Despite a ruling by the federal government this week, marijuana will one day be regulated and legalized for medical treatments in states such as New Jersey, some medical experts, marijuana advocates and politicians say.
The Obama administration announced Thursday it will not remove marijuana from a list of the most dangerous drugs, many of which are illegal to consume and possess. The decision came after two Democratic governors asked them to reconsider how it is processed under federal drug control laws.
Officials from the DEA said there was not enough evidence to prove that marijuana has accepted medical use for treatment in the United States. The drug is grouped with others such as heroin, LSD and a methamphetamine-like recreational drug called Ecstasy or Molly.
“The DEA’s failure to reclassify marijuana is disappointing,” said U.S. Sen. Cory Booker. “There are Americans who can realize real medical benefits if this treatment option is brought out of the shadows, and choosing to ignore the medical value of marijuana defies common sense and the scientific evidence.”
Marijuana is classified as a Schedule I drug under the Controlled Substances Act. The category includes drugs that have a high potential for abuse, no accepted medical use and “a lack of accepted safety for use under medical supervision,” according to the DEA.
Schedule II drugs, which are also highly addictive, include oxycodone (OxyContin or Percocet), morphine, hydrocodone and codeine, all of which have proved to be useful in medicine.
In a letter to Democratic governors, DEA chief Chuck Rosenberg said the decision was made with input from the U.S. Department of Human and Heath Services. Although they will not reclassify, the decision allows expanded research opportunities for the medical uses of marijuana.
Booker said although the expansion is a step in the right direction, the DEA did not take enough progressive action.
While marijuana is still illegal under federal law, 43 states, including New Jersey, have allowed some form of medical use of the drug. There are six alternative treatment centers in the state that dispense medical marijuana to qualified patients, including one in Egg Harbor Township.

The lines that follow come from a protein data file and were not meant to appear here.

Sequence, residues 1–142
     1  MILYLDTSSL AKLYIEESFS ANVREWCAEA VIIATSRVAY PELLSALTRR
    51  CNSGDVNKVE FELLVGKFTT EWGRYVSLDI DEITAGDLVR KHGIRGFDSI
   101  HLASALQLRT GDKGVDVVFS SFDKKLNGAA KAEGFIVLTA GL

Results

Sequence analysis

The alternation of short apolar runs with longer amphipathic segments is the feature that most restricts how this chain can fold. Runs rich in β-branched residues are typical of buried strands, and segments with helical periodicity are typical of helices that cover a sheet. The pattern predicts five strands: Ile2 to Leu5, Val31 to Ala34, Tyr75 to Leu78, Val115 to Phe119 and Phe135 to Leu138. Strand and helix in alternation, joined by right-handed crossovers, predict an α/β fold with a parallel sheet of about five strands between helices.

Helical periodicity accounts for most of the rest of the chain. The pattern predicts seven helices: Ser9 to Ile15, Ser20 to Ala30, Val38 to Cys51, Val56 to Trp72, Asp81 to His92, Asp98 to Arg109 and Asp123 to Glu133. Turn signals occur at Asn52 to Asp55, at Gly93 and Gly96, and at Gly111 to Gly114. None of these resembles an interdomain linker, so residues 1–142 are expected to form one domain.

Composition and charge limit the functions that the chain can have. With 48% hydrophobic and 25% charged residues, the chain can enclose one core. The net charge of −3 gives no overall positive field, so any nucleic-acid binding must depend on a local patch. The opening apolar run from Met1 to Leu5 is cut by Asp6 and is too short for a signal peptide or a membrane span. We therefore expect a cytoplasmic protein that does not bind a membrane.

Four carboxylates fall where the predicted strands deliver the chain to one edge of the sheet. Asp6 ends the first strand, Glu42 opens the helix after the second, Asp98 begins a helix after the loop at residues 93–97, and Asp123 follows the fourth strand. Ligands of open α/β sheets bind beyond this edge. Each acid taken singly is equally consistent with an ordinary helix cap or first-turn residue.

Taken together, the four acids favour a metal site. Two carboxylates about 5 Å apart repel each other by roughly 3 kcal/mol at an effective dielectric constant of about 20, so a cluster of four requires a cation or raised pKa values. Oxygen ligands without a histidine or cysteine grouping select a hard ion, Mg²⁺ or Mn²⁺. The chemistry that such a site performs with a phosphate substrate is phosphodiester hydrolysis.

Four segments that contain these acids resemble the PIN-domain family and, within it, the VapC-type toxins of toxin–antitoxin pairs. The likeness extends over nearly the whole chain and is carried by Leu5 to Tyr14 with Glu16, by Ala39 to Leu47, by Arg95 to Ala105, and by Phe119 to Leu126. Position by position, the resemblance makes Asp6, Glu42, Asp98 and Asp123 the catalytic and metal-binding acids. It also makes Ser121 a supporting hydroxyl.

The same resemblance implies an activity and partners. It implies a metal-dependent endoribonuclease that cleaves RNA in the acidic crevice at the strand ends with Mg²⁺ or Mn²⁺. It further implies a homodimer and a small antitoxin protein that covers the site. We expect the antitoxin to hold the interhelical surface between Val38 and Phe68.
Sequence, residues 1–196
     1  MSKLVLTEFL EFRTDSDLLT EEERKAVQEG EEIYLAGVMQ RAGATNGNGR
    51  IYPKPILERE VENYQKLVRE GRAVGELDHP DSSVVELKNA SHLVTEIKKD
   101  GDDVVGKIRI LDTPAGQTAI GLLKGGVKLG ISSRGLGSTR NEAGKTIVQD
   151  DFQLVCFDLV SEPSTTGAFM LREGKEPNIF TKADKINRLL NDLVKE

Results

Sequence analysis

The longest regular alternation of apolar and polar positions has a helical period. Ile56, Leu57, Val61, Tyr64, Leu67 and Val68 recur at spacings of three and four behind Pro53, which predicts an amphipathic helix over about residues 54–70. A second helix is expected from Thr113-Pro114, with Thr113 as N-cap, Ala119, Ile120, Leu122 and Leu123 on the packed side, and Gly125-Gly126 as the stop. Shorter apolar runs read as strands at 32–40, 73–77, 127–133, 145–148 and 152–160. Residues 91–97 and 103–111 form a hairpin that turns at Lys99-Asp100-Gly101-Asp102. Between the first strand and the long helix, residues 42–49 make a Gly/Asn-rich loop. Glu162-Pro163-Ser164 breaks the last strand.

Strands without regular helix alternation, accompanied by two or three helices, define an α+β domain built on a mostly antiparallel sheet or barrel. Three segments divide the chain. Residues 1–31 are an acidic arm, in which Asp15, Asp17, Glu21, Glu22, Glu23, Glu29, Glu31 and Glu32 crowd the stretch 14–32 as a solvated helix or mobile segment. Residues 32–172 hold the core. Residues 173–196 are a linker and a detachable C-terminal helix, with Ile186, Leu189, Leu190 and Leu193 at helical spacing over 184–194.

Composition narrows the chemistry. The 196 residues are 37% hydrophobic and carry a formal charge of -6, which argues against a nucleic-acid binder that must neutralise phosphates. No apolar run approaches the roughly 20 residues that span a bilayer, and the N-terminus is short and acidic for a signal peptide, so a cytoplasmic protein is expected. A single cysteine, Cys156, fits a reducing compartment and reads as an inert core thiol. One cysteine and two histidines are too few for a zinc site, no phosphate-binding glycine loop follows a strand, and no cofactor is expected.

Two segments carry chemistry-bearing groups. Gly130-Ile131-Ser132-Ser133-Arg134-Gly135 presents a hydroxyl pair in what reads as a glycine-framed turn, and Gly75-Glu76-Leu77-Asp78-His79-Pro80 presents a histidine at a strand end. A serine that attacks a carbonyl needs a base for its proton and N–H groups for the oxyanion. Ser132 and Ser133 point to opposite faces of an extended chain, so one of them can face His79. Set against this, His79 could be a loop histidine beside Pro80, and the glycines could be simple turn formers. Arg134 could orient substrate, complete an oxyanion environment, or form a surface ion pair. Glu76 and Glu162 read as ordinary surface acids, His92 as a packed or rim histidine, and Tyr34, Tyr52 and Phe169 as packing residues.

Dr. David Nathan, a member of New Jersey United for Marijuana Reform and founder of Doctors for Cannabis Regulation, said the current classification and regulation of marijuana does not fall in line with current science and the way it is used.
“It’s in a stricter category than cocaine. That’s incongruous with science and reason,” Nathan said. “We really need to follow the science. Is marijuana harmless? No, but it’s not so bad in regards to the dangerousness of other drugs.”
Nathan, a psychiatrist based in Princeton, said although the government did not have evidence as to how marijuana can help medically, he knows that it helped a former terminally ill patient of his manage pain, sleeping and eating habits at the end of a battle with cancer.
“You have someone going through chemotherapy, with nausea, vomiting, they can’t sleep. You give them cannabis and ask them if they feel better. The answer is certainly yes,” he said.
The battle over how medical marijuana is regulated and used is ongoing. Booker and other U.S. senators introduced a bill last year that would reschedule marijuana and amend federal law to allow states to set their own medical marijuana policies. States have already begun to do that, but the drug use is still illegal under federal law.
Is it inevitable that New Jersey’s medical marijuana program, along with other state programs, will be legal under federal law in the future?
“If science and reason carry the day, then yes, it’s inevitable,” Nathan said. “Americans are behind legalization. It’s government officials who are slow to the change.”